The very first version of Lambda, people were excited because it was interesting in what you can do with it. But no one was en masse moving to a serverless. Now it’s been a few years and there’s more support for it but no one is still en masse moving to. It has its place and its function and it’s interesting. I think the next big place where we’re going to see that is in the containerization and Kubernetes world. Dockers are nothing new, containers are nothing new. But the pervasiveness of Kubernetes is what’s new. I think that’s going to be the big challenge for really everything with an operations. Far more than people think serverless is going to take over all of our jobs.
I think if anything, what does the role of operations look like in a Kubernetes world. My argument is it’s going to look like exactly how operation should look, which is operations is a service organization that builds tools to enable other teams to do what they need to do. If an operations team and that’s pretty much the team I had built out here in Threat Stack. Our team builds out the tools and infrastructure to support other teams to get their job done. In my mind, our Kubernetes lord and savior that we can standardized upon become very good at managing that platform and really letting the engineers use it and leverage it for application employments.
Putting more ownership and accountability on them to get to where they need and do their job effectively. The challenge is going to be in this new world, how do you monitor it? How do you determine if it is acting correctly? Is it secure? What does security even mean in Kubernetes and the Docker rise container world.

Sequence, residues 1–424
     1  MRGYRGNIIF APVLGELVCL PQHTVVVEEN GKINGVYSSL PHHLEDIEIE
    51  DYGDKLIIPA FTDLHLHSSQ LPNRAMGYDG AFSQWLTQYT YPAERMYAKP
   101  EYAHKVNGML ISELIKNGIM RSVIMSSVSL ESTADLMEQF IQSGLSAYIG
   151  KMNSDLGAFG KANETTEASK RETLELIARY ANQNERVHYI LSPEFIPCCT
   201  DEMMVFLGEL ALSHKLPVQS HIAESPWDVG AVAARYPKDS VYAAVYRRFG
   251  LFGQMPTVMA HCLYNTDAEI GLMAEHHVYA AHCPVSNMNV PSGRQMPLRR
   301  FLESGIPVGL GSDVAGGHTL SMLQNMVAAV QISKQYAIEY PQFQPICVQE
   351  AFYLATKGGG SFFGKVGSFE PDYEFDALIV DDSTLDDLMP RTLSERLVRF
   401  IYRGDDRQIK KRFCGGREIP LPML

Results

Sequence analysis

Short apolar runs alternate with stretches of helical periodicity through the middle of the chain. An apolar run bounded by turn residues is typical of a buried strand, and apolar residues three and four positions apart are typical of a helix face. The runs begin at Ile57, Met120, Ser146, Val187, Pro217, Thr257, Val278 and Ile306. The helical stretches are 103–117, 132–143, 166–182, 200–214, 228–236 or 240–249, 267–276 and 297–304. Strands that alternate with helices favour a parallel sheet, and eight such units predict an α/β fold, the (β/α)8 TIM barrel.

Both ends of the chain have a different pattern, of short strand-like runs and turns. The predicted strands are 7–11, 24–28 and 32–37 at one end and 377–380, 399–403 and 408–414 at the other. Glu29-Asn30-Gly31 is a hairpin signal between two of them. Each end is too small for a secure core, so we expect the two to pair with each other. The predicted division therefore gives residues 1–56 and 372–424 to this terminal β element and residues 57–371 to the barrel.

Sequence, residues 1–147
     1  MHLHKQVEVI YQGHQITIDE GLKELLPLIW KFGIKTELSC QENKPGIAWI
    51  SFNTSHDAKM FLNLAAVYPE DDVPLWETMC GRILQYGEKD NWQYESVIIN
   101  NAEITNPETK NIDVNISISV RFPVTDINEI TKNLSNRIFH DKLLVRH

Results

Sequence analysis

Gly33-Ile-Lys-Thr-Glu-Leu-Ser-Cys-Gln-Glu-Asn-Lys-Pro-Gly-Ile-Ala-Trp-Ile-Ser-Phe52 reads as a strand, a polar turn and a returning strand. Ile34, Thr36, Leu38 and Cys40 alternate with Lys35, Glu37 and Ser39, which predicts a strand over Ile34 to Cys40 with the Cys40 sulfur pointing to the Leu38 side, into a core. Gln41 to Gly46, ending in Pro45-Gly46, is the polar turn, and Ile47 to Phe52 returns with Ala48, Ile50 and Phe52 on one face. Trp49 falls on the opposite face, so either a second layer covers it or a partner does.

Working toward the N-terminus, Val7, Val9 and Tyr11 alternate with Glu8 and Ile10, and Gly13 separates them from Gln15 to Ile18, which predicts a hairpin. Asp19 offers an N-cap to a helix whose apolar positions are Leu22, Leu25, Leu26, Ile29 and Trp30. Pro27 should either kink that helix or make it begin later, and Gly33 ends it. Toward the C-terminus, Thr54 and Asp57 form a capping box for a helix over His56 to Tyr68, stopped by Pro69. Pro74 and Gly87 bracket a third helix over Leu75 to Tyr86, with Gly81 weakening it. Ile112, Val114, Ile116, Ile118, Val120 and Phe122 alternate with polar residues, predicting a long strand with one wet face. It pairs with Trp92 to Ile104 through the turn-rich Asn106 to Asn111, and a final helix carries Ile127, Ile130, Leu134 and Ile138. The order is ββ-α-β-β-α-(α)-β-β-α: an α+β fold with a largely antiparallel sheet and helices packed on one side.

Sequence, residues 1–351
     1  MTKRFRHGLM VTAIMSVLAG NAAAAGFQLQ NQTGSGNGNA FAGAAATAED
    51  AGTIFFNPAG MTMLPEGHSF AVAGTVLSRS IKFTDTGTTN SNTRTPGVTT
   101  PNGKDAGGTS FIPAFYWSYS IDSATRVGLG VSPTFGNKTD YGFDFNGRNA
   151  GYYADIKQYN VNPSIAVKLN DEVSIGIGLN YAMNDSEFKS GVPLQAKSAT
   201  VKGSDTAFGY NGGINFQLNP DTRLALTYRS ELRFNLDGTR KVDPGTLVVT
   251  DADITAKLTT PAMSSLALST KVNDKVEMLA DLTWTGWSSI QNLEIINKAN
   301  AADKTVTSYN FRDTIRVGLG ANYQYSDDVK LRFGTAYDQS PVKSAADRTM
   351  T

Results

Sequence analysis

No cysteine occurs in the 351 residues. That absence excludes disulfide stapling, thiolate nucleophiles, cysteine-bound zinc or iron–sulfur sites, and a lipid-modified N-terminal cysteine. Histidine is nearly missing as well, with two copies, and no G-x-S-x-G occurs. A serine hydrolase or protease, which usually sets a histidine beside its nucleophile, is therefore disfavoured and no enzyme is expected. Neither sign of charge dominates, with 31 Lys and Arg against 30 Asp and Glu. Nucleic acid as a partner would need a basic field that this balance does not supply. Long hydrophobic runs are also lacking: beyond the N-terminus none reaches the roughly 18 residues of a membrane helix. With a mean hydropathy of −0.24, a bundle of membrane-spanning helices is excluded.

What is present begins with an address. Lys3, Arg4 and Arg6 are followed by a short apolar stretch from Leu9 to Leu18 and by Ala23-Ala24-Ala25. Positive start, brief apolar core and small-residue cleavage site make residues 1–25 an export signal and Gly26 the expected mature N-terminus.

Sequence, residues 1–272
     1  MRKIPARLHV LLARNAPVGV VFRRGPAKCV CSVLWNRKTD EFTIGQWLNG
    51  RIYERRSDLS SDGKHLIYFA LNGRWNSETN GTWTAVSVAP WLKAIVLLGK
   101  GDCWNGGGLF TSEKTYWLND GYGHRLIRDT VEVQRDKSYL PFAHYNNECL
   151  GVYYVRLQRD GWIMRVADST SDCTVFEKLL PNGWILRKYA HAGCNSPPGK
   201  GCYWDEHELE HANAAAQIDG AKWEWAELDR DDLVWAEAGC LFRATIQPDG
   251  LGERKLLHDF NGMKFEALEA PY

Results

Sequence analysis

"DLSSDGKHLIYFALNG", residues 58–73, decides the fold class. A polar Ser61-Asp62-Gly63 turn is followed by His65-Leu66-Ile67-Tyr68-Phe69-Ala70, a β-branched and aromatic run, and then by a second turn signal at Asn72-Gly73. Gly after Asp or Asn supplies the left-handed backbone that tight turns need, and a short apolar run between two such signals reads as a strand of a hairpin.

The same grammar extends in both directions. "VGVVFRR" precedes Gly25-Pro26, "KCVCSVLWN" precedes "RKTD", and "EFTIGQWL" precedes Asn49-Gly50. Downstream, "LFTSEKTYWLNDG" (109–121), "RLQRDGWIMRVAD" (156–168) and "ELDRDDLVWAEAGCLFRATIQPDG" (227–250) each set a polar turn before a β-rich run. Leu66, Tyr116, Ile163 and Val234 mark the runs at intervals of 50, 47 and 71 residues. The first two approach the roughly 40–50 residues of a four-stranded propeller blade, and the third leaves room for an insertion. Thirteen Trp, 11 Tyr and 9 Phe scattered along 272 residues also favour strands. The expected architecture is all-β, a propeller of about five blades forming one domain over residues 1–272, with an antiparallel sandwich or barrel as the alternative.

The very least is it keeps us all employed for another 5 or 10 years while we try to figure out what it all means.
Corey: You’re right. I think it moves very quickly. I think that this is any merging space. I think that there are going to be sharp edges for a long time. I think a lot of the excitement around new products and services that get released is not fully baked. It didn’t spring fully form from the forehead of some god like a software engineer, it’s a minimum viable product as you said. It's something that winds up serving as a glimpse of what it could grow into. Sometimes those things come to fruition and sometimes they don’t.
In the early days, EC2 was a living nightmare to work with. Now, its click button receive server.
Pete: Yeah, the early days—oh my, I just remember so many bugs running, early versions of Ubuntu on Amazon. They were great until they didn’t. Ubuntu’s 10.4, you can just have to run it. You didn’t have to run a non-LTS release that in 6 months later would no longer get security updates because the one that did get security updates didn’t function.
Corey: Exactly. That’s part of the challenge too. This is hard stuff. It’s easy to sit here in my comfortable home office where if with my personal Amazon bill of $7 a month and cast stone to somebody’s large companies and the cloud providers themselves for the way they do things.
Come to find out, people like me are generally not their target market for a lot of these things. They look for people who are actually good at things. Doing exciting things and throwing large piles of money into the space—I’m not that. I’m more or less a freeloader on a lot of these companies that are doing things that actually make money. It helps at times to remember that.
On the other, by doing weird off the wall things, it starts to give companies a glimpse of what’s possible. I think to some extent, we’re also seeing cloud reduce the cycle time of what it takes to have an off-the-wall idea come to fruition.